Chindian marriages, between Han Chinese women and Tamil Indian men, have been taboo for almost a century. Now, the children of such couples are tracing their roots, writes Andy Park.
Kevin Bathman talks about when his Chinese grandmother secretly fell in love with a Tamil man in the face of stanch cultural opposition in Malaysia.
“Eventually, my great grandfather found out and he was infuriated, he even called my grandfather 'Hak Kuai', which means black devil,” he says.
But as with any Malaysian story, food provided the bridge over these strong cultural currents.
“Grandmother Ang embraced Indian culture by learning how to speak Tamil and cooking Indian cuisine for her neighbours,”
“At that time in the 1930s, a Chinese woman speaking Tamil in the markets was unheard of”.
Kevin's project, the Chindian Diaries, aims to capture other time-worn Chindian stories of taboo love, in a cross-cultural phenomenon unique to post-colonial southeast Asia.
Chindian marriages, predominantly between Han Chinese women and Tamil Indian men, are characteristic in Malaysia and Singapore, where large populations immigrated during the 19th century.
In Hong Kong, the some 25,000 Muslims are able to trace their roots back to modern day Pakistan, then part of British India.
The diaspora now spreads throughout former British colonies such as Australia, where it's a third generation, like Kevin, who are gathering their stories like pebbles.
In classification-obsessed Singapore, where identity cards record race for ethnically linked social policies, the government allowed parents to record both races on their children's cards in 2010.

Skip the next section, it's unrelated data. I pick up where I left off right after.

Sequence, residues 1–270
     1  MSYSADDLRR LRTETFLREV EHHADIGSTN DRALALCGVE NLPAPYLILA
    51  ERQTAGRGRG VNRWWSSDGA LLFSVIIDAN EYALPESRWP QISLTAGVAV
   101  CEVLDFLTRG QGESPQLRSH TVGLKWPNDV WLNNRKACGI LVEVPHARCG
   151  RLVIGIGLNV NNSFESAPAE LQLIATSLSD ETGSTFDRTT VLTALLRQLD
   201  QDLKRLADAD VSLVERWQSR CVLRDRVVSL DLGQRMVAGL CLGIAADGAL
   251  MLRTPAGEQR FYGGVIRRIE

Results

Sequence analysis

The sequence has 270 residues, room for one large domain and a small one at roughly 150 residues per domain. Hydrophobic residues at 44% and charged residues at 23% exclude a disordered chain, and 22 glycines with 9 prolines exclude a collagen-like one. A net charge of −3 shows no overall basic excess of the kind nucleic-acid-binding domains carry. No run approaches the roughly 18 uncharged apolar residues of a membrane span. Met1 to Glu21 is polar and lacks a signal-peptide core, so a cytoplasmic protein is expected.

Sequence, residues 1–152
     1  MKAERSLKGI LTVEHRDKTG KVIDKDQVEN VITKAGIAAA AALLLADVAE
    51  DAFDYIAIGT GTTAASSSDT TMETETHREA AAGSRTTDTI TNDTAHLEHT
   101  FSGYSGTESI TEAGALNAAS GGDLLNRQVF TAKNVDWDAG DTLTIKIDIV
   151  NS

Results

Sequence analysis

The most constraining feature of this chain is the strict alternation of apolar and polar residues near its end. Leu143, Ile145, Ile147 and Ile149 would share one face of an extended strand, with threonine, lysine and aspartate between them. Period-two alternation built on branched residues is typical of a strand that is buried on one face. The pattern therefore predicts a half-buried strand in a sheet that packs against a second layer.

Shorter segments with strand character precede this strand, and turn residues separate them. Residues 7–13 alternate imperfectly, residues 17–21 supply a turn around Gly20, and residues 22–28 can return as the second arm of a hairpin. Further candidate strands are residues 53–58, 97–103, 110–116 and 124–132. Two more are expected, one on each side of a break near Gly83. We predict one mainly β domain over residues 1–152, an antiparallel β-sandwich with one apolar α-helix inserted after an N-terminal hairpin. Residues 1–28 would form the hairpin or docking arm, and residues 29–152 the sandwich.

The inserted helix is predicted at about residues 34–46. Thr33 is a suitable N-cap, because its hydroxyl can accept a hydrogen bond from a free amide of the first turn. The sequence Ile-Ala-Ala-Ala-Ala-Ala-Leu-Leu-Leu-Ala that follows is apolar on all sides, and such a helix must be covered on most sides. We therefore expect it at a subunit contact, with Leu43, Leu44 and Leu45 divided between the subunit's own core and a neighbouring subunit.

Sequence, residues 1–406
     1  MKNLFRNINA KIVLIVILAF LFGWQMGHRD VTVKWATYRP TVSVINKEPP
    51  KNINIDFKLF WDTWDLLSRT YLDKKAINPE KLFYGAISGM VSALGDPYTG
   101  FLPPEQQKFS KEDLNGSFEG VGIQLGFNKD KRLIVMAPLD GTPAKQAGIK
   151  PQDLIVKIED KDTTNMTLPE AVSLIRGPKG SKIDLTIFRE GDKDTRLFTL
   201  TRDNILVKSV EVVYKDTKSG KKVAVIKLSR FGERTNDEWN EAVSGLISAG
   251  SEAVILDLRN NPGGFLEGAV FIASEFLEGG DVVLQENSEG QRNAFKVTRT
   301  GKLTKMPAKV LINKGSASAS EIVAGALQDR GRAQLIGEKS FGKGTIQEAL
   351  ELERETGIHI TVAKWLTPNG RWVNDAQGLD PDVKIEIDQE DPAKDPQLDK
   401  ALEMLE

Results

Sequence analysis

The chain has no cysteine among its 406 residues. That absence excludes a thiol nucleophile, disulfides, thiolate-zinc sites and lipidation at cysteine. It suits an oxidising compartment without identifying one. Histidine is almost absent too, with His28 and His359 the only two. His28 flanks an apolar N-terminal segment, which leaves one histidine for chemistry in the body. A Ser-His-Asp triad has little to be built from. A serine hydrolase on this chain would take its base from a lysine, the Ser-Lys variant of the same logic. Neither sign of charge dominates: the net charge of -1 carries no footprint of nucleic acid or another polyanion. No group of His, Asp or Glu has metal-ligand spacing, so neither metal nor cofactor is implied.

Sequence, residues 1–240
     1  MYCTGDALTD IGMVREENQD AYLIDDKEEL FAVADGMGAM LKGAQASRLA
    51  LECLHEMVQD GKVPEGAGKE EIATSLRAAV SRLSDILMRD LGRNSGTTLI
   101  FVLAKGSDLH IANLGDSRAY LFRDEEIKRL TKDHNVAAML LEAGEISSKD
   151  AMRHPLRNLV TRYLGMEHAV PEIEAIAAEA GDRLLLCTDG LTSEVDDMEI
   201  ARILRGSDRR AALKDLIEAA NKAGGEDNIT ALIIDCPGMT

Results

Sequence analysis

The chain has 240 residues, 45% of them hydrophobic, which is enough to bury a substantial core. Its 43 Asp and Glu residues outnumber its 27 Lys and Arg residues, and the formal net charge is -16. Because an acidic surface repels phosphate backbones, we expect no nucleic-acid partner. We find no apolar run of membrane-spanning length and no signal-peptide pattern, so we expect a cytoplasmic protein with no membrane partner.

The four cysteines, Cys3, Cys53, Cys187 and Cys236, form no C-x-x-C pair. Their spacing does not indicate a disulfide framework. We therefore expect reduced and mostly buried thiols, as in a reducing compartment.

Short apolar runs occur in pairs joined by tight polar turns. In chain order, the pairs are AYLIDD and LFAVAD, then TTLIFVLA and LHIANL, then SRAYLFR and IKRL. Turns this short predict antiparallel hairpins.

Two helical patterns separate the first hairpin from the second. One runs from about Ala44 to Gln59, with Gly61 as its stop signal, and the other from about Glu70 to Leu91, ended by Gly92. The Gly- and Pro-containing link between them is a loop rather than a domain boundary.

Before that, children born to Chindian couples automatically took their father's race, a paternalistic remnant from older times.
In 2007, 16.4 per cent of about 24,000 marriages had a bride or groom from a different ethnic group, compared to 8.9 per cent a decade ago.
The same still applies in Malaysia, where the IC card requires parent to choose a box to denote ethnicity, leading most who identify as Chindian to be known as Indian.
“You couldn't run away from race, it was just how it was in Malaysia,” says Sherlyn Yap Chai Gek.
Now Australian, she and her husband Achu Nair are the perfect Chindians.
Whereas Acho's parents followed the Chindian formula of an Indian groom and Chinese bride, Sherlyn's parents were the reverse.
They met and fell in love, their wedding carrying on the hybrid traits of Chindian weddings: a Chinese tea ceremony and an Indian meal.
“Most of us, if not all of us, have an identity crisis,” she says.
“You can identify yourself as Chindian but what is the actual definition of Chindian, what is the culture of a Chindian person? It all depends on which side of the family is stronger.
"It doesn't matter how old you get, there is always feeling of what what am I?," she says.
Kevin hopes that by gathering these collective questions, the answers might form a greater, overarching cultural narrative.
"I think personally, it's a bit of a forgotten subculture,” he says.
“There's still isn't an understanding that you could belong to two cultures at the same time. I think that is one of the things I wanted to capture in the project,”
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